So You Belong To a Networking Group. Now What?
By DamesBond on July 29, 2011
Featured Member Post
Getting the Most Out of Your Networking Organization
So you've decided to join a networking community/group! Congratulations! It’s a great first step to marketing the greatest product you have to offer, “YOU”!
I am a firm believer that your "involvement”, or lack thereof, in the networking community/group you join, is THE key to your success or demise in business. On occasion I hear, ‘I haven’t received any business through XYZ networking group.’ The first thing I ask is, “How involved are you?”
Most people still practice the dinosaur-approach to networking - bring your business cards and leave your personal life at home. Wayyyyy back in the day, I used to bring 50 business cards to an event, and if I passed out 30 I thought I had a successful networking experience.
I would proceed with my business card first, assuming they wanted my card, a handshake, got their card in return and went on to the next person. Rarely did I get a call the next day and even worse, rarely did I follow up with anyone whose card I received. No matter how many times I heard and learned about follow-up techniques and what to do with the cards I had acquired, it rarely lead me to new business. The fact is, I never made an authentic connection with the person, aside from their company name and title. My approach was wrong! My problem? I left my personality and my natural instinct to want to know the person with whom I might be interested in doing business, at home. You’ve heard of “Speed Networking” right? It takes networking to a whole new level of WRONG! Why? There is no relationship building in the experience.
Some networking organizations give members the opportunity to be listed in their business directory. It’s considered a “value point” for your membership. But it isn’t “valuable” unless you’re connecting outside of the directory and if the networking organization isn’t actively marketing its directory to consumers. If you’re relying on the directory alone, you’re not using your membership to your full potential. Business directories should give you an opportunity to include certain things in your profile that lend to your credibility and expertise, like, testimonials, business ratings, links to your website, contributions and articles you have published on the networking organization’s website, etc. As well, the directory should be available to all consumers, whether they are a member or not. This is what it is to actively market members.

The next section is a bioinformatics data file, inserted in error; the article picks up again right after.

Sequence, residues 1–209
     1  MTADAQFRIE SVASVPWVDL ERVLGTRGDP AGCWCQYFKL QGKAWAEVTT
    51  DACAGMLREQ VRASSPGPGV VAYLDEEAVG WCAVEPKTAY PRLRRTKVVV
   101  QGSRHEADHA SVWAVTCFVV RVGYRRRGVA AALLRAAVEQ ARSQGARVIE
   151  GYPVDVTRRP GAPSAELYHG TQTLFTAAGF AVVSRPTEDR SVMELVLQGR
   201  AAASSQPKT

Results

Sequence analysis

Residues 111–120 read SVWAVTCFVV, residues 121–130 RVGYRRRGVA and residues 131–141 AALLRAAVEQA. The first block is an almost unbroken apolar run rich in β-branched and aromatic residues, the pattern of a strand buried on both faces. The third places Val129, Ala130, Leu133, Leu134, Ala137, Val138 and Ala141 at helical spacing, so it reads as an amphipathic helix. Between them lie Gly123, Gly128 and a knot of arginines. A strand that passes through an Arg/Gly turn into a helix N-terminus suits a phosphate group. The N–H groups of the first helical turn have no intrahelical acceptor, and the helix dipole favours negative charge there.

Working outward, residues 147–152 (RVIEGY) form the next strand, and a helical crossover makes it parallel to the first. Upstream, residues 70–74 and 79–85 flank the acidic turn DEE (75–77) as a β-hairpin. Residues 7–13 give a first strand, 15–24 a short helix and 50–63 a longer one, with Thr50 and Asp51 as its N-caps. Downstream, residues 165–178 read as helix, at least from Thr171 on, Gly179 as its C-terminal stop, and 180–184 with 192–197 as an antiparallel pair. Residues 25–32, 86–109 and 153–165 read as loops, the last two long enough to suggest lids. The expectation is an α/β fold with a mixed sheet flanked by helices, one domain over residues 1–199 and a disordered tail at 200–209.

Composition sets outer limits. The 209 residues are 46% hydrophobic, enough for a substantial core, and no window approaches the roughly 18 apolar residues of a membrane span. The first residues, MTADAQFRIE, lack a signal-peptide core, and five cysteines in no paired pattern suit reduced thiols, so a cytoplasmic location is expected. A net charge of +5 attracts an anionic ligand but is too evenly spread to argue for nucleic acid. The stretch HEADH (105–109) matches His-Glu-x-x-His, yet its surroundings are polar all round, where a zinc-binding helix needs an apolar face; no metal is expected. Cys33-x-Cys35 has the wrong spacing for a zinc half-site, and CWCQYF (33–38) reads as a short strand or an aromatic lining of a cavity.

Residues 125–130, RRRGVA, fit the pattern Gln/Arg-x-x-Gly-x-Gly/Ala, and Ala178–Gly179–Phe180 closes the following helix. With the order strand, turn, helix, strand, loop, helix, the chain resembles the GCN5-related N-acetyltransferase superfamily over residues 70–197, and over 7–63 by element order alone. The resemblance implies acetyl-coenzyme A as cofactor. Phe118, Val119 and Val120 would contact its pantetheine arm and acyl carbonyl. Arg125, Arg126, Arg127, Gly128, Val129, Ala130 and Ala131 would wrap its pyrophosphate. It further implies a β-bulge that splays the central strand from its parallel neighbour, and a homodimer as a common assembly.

When networking, you should be able to tell the person(s) with whom you are meeting, ‘check out my profile at ……..com”. This approach gives you the opportunity to market the networking group with which you are involved. If there is no time to "market" your business, they can learn more from your profile.
If you’re not into attending networking events, hopefully your networking organization’s business directory offers you the opportunity to have an extensive profile, giving you a better chance to connect with consumers.
Connections cascade into referrals. Don't get down on the networking group if you're not getting business directly from members. While you may not acquire a new client during a networking event, you may connect with someone who can refer you to a friend, colleague or family member. People you meet at networking events will often lead you to new clients. It may take a moment, but business will come eventually.
Sometimes networking events are a necessity. The more obscure your profession, the more you have to connect outside of the business directory. You should be actively involved in the networking community by attending networking events, hosting a networking event at your location, speaking during an event, offering coupons or raffle items to be given away at events.
Here are five tips to follow when attending your next networking event. I hope they help you make authentic connections that lead to friendships and business.
1. Keep your business cards in your wallet, pocket or purse, unless someone asks for it.
When you approach someone, ask them what they do outside of networking. A good question to ask: "What do you do when you're not working or networking?" This is your chance to authentically “connect” with someone you know little about.
2. Only ask for someone’s card if you are genuinely interested in them and not just building your business card portfolio or call list.
3. When talking with someone, look the person in their eyes and focus on them, not everyone else in the room. I can’t tell you how annoying it is when I’m talking with someone and the only thing I notice are their eyes scouring the room for their next client. The person you are talking with should be your main priority.
4. If you collected any business cards, hopefully because you had “meaningful” connections, go home and connect with them on Facebook, Linkedin and Twitter. In your Facebook request, write a simple note like, “Great meeting you tonight at ___________. I'd like to connect with you here.”
Speaking of Facebook, you should NEVER request a connection/friendship without a simple greeting. I rarely accept anyone’s friend request who doesn’t let me know why they want to connect with me. A simple note might be, “I see we have a lot of wonderful friends in common. I’d like to connect.”
5. Be active! Belonging to a networking community can be as easy as writing a check. It can also be a lot of fun if you get involved! To get what you deserve out of a networking community you need to be active and involved in the networking process, person to person. Business WILL follow.
When Dames bond, Dames thrive!
Mary B. Relotto
Dames Bond LLC
Founder, CEO, and Central Ohio Chapter Director
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